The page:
I tried 2 docking stations. One does not deliver picture to the monitor. The other one works, but Librem 5 slowly discharges.

@Hristo the ones from here that negotiate 5V/3A should be good.


And if not from the list, are there any particular specs to look for? Apart from the delivery of 5V/3A. Like some PD or BC 1.2 marking.
And how to know in advance if the display is going to work or not?

That’s not a problem at all; in fact, that’s a normal, wanted and expected behavior that’s well within the tolerance ranges (and it can change depending on load, cable resistance and temperature anyway).

Doing PD 2.0 with 5V/3A and USB-C DisplayPort alt-mode should be all you need. Other than that, we’re entering a territory of incompatibilities because of bugs and protocol violations, so it’s hard to say more without doing tests with an actual device in question.


Thank you for this reply! We really needed to get this very straight/relevant answer.

In addition, yesterday afternoon I just received Anker PowerPort Atom PD 2 with GaN (A2029), heavy duty power supply that looks like it might be the perfect match for both Librem 5 and Librem 14. Cannot say more at the moment but my first impression is that this A2029 doesn’t overheats Librem 5 at all (please read again: just “impression”). Secondly, just by pressing the power button to turn the screen off voltage jumps from 4.948V to 4.998V (and now 5.00015V), this behavior is repeatable (indeed very fine/quiet calibration), by having battery currently at around 80%.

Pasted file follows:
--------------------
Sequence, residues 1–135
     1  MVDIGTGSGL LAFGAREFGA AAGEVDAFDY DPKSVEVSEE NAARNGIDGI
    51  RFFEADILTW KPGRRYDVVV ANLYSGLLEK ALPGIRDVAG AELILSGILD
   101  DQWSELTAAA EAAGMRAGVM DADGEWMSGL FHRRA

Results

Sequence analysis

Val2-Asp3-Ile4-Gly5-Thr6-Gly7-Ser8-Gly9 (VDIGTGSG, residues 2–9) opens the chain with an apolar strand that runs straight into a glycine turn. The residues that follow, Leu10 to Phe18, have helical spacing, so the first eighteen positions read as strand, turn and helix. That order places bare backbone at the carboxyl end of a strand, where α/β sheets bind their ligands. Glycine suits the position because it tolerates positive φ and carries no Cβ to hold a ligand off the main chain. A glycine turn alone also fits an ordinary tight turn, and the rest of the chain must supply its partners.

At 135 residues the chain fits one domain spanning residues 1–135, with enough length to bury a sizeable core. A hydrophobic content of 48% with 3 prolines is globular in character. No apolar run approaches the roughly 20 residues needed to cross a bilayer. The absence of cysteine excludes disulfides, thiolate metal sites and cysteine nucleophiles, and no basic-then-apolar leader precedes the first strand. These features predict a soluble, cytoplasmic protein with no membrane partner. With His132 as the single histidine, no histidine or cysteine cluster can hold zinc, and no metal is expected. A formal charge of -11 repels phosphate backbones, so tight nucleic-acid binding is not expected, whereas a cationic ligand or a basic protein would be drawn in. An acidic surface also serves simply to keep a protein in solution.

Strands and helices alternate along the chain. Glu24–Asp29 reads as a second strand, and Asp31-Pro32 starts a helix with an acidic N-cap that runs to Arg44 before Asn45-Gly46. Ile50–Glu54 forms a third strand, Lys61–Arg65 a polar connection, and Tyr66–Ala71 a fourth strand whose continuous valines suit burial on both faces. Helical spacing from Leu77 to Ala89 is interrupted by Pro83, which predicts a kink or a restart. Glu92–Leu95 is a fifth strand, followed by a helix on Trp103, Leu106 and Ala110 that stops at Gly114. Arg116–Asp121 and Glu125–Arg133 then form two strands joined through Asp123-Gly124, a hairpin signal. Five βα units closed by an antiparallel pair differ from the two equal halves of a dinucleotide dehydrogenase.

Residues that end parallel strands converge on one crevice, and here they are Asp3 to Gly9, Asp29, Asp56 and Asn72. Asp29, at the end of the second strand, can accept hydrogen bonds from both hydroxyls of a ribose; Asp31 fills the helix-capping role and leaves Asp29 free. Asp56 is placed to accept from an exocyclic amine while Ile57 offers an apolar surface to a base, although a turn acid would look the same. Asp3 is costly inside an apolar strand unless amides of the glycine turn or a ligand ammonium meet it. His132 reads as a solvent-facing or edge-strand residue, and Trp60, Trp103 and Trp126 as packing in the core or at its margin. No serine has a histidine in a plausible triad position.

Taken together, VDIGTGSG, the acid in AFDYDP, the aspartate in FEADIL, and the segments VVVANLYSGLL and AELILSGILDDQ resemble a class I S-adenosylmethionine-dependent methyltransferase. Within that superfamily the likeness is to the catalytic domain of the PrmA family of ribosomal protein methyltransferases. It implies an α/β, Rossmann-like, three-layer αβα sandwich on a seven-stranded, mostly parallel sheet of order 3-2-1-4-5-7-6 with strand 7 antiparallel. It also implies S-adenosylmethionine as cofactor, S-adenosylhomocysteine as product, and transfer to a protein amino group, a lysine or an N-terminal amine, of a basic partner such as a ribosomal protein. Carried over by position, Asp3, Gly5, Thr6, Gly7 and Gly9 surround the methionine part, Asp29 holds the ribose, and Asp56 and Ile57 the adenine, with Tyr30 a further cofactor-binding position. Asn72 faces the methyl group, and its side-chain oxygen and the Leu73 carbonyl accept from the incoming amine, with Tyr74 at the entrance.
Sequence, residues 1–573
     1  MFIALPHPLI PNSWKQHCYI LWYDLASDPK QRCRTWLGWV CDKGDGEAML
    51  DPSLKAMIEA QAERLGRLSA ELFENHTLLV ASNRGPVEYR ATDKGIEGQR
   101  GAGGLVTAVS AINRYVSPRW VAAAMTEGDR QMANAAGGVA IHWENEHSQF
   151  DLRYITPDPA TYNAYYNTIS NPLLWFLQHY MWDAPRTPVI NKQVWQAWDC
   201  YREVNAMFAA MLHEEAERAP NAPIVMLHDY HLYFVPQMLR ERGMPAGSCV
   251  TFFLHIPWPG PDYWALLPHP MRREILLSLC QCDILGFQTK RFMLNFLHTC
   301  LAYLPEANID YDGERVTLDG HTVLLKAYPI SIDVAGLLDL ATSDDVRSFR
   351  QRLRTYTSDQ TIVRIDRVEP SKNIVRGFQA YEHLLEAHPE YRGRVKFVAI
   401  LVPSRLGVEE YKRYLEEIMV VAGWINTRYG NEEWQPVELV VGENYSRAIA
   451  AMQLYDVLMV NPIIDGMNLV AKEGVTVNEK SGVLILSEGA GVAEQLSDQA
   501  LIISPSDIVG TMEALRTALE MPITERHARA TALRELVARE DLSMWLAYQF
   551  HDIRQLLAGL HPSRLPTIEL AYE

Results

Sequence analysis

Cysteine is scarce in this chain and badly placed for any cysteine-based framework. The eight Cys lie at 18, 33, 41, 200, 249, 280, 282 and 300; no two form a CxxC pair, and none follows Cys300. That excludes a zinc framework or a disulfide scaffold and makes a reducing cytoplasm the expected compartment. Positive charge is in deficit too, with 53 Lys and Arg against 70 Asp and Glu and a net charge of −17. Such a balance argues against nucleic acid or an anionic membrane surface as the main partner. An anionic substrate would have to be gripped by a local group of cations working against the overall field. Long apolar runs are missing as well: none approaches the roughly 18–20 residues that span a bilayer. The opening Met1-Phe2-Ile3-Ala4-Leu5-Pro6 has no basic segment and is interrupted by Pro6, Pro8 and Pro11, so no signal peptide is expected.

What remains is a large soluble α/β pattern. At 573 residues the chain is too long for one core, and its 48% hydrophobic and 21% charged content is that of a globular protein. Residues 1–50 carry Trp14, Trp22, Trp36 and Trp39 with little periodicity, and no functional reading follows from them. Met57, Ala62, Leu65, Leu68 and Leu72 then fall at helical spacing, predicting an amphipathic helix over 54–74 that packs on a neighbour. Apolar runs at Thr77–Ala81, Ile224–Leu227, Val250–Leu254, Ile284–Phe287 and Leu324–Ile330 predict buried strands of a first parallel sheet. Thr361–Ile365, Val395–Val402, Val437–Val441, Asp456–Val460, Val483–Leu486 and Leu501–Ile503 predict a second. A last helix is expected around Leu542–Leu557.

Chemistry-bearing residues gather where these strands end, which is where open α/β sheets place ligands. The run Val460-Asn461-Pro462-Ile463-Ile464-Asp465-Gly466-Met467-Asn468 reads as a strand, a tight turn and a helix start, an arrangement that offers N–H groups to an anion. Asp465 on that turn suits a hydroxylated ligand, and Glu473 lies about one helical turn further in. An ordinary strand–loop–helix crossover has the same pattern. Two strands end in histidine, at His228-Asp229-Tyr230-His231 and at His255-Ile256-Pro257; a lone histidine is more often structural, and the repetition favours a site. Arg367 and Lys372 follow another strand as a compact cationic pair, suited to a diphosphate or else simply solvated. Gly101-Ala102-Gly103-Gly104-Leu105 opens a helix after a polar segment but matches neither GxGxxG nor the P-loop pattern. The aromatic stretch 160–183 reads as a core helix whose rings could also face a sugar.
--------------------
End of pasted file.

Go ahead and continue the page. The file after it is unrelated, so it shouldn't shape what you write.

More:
Also, as expected, both USB-PD ports react the same on the same type of load. And those two USB-PD ports are the same ones reused for the Anker PowerPort Atom PD 4 (A2041), and therefore with max. output of 60W. @dos please let me know if there is something that I might/should check (some specific CLI request that I should type toward Anker A2029 as source, perhaps within next week, if not stretching myself to make few photos even today) with this Anker 60W A2029 power supply, while it functions on top of Infineon Technologies CYPD4225-40LQXIT [“Notice regarding compliance with Universal Serial Bus specification. Cypress offers firmware and hardware solutions that are certified to comply with the Universal Serial Bus specification, USB Type-C™ Cable and Connector Specification, and other specifications of USB Implementers Forum, Inc (USB-IF)”]?

Furthermore attaching here three pictures just to show that Anker 30W A2017 indeed supports 20V⎓1.5A but this on the edge “support” needs to be taken into account only if about to power on and off some 30W or rather 25W blinking light and not any laptop battery (as currently my laptop battery at 60% taking out (needs) 20V⎓2A:

You need PD as only with a negotiated PD contract DisplayPort can work. But as was written above you usually can’t see from the labeling how much power it will provide. Once a PD contract is negotiated DisplayPort should work given it’s within the L5s spec (which is driven by DCSS capabilities).


I prefer Anker A2029 over Anker A2017 (compact size isn’t necessarily my preference) several times. So much liking it that already took second place on my power supplies ranking :grin:, those that support only USB-DCP protocol at 5.00V.